Kathryn E. Vinson, MS, CCRC
Radiation therapy has been used in cancer treatment for well over a century, since roughly 1899. Those 120 years have taught physicians and scientists ways to make the beams more precise and treatments more effective. With roughly 60% of cancer patients receiving radiation at some point in their treatments, I thought we should take some time to understand not only how radiation works to kill cancer, but also some exciting news about a drug in development that may help make radiation more effective.
I thought radiation caused cancer!
If you’re like me, you have probably stopped at least once and said, “Hold up – I thought radiation caused cancer, how is this going to help!” Guess what, you’re not completely wrong. Radiation can cause cancers by altering DNA and producing abnormal growth in cells (the thyroid is particularly susceptible); however, it is this same ability to wreak havoc on tumor DNA that gives radiation its ability to kill cancer. Specifically, radiation can cause sufficient damage to tumor DNA that it prevents it from replicating. Radiation can also cause the production of free radicals within the body, which can also destroy cancerous cells. When the tumor cells die, they are simply disposed of in the manner that our bodies dispose of normal cells.
Radiation therapy also comes in different forms. The most well known is easily external beam radiation, but also commonly used are internal radiation and systemic radiation. With internal radiation, known as brachytherapy, radioactive sources (usually beads or seeds) are placed inside the body, either temporarily or permanently. Systemic radiation is a treatment such as radioactive iodine used to treat thyroid cancer.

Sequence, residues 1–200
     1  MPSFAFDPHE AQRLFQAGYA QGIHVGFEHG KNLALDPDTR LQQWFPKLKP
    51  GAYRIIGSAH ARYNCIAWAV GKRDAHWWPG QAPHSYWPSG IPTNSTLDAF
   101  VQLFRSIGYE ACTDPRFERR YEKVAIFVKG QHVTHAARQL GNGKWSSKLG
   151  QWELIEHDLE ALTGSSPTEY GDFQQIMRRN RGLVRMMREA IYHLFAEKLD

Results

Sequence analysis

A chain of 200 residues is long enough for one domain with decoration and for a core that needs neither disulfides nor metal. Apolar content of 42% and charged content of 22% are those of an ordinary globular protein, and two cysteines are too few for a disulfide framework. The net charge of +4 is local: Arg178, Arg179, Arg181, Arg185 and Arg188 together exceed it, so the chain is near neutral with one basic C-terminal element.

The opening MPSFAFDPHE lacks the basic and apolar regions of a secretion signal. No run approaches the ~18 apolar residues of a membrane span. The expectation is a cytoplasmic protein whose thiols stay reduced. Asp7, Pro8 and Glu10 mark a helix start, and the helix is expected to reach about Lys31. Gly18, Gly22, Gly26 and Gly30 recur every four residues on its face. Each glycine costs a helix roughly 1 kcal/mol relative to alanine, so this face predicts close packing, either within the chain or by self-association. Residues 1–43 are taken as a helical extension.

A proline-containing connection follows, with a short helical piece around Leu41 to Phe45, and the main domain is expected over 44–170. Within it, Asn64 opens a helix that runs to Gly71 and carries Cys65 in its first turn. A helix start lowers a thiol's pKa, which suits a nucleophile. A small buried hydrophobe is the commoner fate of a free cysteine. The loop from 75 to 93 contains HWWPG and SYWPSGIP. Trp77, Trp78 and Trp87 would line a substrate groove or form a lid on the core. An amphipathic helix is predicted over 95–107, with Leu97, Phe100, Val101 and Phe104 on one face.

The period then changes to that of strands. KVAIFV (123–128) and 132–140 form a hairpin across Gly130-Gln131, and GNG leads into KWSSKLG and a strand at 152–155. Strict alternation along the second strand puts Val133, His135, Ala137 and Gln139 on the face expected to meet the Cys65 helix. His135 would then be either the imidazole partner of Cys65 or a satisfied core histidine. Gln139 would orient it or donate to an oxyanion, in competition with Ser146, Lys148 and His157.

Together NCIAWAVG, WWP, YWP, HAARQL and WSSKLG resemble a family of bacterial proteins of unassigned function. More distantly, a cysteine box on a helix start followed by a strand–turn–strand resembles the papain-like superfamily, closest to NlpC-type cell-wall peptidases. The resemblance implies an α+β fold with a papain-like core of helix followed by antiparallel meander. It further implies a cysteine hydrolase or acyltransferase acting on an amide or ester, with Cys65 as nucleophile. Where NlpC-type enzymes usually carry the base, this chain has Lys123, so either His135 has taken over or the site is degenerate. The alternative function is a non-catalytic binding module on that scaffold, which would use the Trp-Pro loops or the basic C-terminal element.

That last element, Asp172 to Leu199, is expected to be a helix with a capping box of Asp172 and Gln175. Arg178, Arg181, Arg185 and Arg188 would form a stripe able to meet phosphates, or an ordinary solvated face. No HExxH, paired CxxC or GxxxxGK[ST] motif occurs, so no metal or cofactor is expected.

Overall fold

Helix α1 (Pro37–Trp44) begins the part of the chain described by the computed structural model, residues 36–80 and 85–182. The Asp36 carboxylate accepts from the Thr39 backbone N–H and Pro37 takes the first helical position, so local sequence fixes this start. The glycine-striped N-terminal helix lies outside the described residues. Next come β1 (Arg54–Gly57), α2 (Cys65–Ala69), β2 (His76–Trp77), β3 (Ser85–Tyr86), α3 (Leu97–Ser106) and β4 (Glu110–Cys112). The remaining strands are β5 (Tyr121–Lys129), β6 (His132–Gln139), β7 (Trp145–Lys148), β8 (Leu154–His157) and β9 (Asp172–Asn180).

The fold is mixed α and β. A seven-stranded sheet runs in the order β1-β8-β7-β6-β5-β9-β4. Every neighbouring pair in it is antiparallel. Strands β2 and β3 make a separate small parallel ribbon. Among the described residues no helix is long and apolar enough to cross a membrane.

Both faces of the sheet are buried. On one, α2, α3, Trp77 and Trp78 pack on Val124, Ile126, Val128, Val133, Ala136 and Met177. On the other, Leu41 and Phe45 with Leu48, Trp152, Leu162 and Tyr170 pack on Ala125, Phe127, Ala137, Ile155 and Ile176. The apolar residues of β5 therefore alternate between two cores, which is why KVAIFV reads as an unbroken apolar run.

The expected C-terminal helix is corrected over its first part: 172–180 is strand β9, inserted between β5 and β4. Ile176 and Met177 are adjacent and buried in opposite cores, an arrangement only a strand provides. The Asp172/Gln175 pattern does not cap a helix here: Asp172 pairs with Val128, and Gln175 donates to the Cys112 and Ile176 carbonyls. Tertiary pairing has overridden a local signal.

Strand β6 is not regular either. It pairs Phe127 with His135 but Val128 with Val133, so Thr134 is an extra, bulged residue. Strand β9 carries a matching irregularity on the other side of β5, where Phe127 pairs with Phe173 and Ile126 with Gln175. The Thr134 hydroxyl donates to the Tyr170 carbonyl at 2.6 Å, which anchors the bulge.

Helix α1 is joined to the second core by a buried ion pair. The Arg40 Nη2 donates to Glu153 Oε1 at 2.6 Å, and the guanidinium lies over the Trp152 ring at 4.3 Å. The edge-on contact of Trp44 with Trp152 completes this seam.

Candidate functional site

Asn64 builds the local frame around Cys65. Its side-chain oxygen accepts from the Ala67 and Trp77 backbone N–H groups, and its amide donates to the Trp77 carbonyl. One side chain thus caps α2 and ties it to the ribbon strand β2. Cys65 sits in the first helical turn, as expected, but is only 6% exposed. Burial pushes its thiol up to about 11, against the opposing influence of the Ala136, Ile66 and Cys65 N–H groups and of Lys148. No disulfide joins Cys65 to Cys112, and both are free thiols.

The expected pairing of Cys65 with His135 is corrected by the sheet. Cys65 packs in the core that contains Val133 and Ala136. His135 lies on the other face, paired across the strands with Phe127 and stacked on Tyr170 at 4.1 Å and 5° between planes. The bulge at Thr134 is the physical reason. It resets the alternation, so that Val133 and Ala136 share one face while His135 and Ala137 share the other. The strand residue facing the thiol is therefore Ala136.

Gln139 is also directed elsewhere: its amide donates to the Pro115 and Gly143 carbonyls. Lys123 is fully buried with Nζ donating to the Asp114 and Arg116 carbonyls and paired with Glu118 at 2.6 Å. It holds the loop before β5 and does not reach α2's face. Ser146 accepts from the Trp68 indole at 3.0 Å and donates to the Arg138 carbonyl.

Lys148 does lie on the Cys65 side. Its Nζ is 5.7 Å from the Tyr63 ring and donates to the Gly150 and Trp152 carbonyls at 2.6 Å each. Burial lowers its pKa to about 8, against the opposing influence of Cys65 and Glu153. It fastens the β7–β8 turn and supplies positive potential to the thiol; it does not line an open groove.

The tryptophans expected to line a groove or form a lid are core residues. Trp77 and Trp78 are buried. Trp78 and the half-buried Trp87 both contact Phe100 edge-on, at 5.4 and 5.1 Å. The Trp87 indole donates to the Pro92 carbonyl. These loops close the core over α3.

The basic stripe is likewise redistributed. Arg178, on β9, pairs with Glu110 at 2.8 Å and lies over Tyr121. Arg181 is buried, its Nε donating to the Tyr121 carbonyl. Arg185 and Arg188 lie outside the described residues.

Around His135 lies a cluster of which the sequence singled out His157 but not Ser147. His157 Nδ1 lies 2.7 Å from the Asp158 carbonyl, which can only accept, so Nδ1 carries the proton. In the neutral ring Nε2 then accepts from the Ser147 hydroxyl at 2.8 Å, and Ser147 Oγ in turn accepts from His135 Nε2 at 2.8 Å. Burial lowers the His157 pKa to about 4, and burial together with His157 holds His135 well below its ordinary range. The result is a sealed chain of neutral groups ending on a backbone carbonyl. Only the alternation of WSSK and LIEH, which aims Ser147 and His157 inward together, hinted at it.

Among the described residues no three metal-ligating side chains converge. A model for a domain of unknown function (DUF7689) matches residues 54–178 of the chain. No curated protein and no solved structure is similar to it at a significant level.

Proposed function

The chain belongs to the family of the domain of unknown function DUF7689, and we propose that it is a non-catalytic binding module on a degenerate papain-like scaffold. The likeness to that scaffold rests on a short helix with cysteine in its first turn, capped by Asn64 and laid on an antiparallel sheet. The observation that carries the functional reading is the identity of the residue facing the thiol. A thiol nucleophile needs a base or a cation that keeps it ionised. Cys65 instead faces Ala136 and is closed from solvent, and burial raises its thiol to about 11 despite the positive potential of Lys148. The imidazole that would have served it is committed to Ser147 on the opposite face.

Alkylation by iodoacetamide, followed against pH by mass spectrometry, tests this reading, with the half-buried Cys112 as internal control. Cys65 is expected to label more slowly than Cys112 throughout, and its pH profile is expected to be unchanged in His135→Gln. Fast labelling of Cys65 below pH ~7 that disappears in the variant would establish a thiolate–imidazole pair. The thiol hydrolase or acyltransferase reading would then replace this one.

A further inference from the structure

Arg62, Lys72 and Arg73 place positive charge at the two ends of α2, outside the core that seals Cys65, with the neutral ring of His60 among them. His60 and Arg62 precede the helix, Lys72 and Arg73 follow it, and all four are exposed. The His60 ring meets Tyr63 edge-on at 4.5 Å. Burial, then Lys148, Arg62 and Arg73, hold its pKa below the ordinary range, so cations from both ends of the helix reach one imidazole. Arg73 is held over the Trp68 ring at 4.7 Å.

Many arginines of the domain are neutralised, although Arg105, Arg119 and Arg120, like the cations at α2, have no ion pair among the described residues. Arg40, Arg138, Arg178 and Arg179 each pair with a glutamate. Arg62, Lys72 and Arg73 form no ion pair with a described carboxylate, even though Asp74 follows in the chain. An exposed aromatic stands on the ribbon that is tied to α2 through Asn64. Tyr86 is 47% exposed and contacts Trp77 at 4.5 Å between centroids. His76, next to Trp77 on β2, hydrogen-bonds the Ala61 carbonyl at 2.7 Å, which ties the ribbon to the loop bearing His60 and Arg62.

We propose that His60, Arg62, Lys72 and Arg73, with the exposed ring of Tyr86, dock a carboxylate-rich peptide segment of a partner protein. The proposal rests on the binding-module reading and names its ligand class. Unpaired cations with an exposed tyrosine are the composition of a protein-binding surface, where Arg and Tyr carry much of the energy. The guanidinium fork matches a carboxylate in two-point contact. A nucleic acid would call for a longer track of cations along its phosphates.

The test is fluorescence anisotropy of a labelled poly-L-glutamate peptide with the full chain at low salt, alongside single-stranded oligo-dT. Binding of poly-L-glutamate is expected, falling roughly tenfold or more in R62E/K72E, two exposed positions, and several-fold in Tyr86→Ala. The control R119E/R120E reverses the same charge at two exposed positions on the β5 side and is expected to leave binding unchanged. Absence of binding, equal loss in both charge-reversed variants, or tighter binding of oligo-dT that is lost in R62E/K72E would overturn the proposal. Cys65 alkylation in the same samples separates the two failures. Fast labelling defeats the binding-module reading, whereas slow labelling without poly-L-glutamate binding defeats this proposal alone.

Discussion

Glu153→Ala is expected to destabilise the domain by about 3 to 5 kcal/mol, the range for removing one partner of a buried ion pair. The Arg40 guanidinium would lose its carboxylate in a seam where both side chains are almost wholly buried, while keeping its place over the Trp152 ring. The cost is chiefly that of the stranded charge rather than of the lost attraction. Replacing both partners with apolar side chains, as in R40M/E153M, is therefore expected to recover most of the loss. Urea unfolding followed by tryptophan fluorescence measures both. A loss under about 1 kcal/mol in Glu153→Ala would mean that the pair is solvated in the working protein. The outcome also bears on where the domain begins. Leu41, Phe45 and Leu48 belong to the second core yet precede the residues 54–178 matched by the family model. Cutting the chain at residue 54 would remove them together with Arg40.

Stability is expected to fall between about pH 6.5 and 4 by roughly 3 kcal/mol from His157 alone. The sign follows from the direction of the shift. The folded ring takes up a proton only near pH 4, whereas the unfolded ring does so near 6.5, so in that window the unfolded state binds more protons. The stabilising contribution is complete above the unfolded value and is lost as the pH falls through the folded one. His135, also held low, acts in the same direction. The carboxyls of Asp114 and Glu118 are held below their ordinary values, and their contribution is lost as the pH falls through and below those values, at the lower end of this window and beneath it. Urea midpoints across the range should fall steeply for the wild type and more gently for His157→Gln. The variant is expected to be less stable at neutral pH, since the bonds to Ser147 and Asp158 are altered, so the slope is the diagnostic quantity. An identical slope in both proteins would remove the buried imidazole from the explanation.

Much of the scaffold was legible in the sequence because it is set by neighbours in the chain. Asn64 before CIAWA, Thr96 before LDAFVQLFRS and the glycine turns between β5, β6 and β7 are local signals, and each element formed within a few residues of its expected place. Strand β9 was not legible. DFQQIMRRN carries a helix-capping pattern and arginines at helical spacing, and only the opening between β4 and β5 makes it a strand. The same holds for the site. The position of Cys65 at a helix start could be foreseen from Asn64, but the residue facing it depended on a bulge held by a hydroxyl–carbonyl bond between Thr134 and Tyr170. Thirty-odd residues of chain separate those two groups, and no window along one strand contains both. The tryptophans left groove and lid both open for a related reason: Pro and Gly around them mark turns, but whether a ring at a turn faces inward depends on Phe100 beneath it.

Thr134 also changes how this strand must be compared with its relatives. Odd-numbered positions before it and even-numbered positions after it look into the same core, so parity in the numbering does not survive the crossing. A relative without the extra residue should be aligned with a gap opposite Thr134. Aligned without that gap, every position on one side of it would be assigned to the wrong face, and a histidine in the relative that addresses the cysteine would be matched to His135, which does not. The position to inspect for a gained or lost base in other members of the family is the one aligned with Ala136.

Fortunately for our healthy tissues, we have highly trained radiation oncologists that know how to precisely aim these beams and place those pellets at the correct strengths to cause as little damage to surrounding structures as possible.
Boosting radiation efficacy
One thing that researchers have wanted to accomplish is to make tumor cells more susceptible to radiation, thereby making these treatments more effective. Just imagine getting the same result with fewer treatments, or better results with the same number of treatments! Researchers at Brown University have been working on just that.
Previously, researchers had developed a drug known as IUdR that was shown to make tumor cells more susceptible to radiation; however, the drug could only be give intravenously and caused numerous side effects. In response to this problem, a new drug called IPdR was developed. IPdR is a pro-drug – meaning that it is a precursor that when ingested, turns into another compound in the body – in this case, the IUdR. What is amazing with this pro-drug, is that patients can take the medicine orally before going in for radiation treatments, with minimal side effects.
The results of this study were spectacular. Patients were able to take doses of up to 1,200 mg of IPdR per day, which produced a therapeutic level of IUdR in their bloodstreams. The effects on tumors were the following:
- 1 person’s tumor completely disappeared
- 3 people saw their tumors shrink
- The tumors in 9 other people “stagnated”
More testing will need to be conducted on this compound before it is commercially available, but the hope that this provides for all cancer patients is phenomenal. Our hats go off to Dr. Timothy Kinsella and his colleagues on this amazing work!
As always, much love, many prayers, and abundant blessings to all of the warriors out there!